Laboratory Scale Investigation of Some Factors Affecting Radon-222 Air Concentrations

A.M. Mamoon (Egyptian Atomic Energy Authority)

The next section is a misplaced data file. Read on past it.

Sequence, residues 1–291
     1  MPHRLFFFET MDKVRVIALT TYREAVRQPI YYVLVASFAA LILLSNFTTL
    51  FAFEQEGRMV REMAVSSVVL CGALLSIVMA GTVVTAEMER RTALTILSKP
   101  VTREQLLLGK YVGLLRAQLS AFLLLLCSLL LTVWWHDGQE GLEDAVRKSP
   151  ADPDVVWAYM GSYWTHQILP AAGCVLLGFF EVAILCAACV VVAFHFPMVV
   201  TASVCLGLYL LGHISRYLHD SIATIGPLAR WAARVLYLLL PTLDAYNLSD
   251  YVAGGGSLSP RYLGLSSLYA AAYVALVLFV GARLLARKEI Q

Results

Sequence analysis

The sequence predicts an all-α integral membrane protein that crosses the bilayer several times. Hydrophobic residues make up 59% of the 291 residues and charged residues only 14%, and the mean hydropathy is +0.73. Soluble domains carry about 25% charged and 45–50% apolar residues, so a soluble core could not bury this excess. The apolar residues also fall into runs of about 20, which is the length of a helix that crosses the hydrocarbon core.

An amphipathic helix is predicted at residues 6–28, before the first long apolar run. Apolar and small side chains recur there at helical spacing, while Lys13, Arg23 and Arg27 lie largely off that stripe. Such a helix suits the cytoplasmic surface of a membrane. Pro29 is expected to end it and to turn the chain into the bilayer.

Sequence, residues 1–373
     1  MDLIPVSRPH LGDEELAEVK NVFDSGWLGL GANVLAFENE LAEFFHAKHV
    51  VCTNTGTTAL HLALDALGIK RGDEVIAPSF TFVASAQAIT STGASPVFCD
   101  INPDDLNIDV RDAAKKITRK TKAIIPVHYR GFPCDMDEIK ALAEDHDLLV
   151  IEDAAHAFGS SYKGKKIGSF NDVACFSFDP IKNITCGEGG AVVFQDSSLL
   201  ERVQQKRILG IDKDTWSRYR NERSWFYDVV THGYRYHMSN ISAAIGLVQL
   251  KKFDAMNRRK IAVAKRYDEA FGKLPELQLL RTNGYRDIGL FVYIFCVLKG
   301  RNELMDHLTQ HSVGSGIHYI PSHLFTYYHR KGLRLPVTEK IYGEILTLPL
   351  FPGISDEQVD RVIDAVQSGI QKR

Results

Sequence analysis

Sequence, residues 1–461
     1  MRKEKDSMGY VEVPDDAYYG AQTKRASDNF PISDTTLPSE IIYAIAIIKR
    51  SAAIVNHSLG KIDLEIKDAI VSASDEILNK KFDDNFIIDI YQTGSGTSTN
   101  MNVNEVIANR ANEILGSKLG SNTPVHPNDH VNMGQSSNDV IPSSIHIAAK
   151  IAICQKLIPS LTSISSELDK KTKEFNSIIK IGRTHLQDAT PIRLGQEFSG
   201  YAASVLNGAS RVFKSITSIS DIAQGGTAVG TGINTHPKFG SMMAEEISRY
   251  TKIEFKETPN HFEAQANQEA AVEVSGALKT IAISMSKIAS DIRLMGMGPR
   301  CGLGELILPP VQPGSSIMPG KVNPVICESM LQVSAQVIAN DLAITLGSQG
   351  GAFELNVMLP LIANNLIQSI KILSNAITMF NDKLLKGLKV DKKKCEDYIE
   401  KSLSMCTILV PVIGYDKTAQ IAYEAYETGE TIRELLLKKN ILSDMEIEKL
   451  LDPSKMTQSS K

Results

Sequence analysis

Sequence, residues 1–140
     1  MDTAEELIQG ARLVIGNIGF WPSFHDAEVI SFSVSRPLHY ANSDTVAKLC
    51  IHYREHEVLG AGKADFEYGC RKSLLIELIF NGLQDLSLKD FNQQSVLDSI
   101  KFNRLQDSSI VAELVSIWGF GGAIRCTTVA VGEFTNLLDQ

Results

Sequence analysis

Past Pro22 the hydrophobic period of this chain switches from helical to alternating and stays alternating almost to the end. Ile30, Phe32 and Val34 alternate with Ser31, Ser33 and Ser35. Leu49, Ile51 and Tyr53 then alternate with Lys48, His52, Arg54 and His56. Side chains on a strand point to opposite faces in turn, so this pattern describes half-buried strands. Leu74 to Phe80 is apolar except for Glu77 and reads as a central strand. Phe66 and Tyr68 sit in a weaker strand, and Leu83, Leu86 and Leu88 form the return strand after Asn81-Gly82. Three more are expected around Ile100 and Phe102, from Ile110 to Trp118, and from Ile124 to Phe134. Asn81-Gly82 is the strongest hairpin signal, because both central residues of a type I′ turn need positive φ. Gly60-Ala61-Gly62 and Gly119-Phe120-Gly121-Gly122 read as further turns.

In a continuing investigation to develop simple laboratoy scale exposure systems to determine changes in 222Rn air concentrations in response to various relevant factors two laboratory systems are being tested for their reliability. One exposure septem is a large laboratary desiccator (14.5L) in which a radon source (crushed granite in a container) and a charcoal canister can be placed. Standard charcoal canister technique along with gamma spectroscopy was used for 222Rn assay in the ambient air. The 222Rn concentration in the desiccator's air increased almost liniarly with increase of source mass and also with increase in duration of exposure. The radon concentration was highest at the bottom of the desiccatar and decreased with vertical distance only when the desiccatar was in semi-open situation but almost unchanged when the desiccator was completely closed. This is most likely due to homogenisation of 222Rn air cancentrations. The effect of ambieent temperature was studied by using a two canister system: a bottom canister which was emptied from charcoal and has instead the crushed source and on top of it, an inverted regular charcoal canister. Both canisters were sealed with three layers of vinyl tape. Many such two canister systems were placed either in a thermostated refigerator or in a self regulating oven. Exposure temperatures varied from –10°C to 55°C. Little change in 222Rn air concentration was observed inside the two canister system until about 40°C when radon concentration started to rise. It should be noted that while increase in ambient temperature my help release trapped radon in the source it also decreases the adsorption of radon by charcoal. The mitigating effect of charcoal was obvious when 150 gram of source were covered with about 80 grams of activated charcoal resulting in about 87% reduction in 222Rn air concentratian. The collective results reported from these expeiments are in agreement with simlar studies carried out in the open environment which indicates the reliability of the exposure systems used.

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